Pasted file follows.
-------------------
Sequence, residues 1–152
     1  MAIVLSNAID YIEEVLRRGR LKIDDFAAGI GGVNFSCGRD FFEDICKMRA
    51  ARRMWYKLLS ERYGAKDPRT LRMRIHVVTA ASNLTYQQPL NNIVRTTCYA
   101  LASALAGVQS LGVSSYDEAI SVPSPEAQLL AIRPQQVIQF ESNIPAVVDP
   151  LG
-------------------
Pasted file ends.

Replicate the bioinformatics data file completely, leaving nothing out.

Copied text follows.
Sequence, residues 1–152
     1  MAIVLSNAID YIEEVLRRGR LKIDDFAAGI GGVNFSCGRD FFEDICKMRA
    51  ARRMWYKLLS ERYGAKDPRT LRMRIHVVTA ASNLTYQQPL NNIVRTTCYA
   101  LASALAGVQS LGVSSYDEAI SVPSPEAQLL AIRPQQVIQF ESNIPAVVDP
   151  LG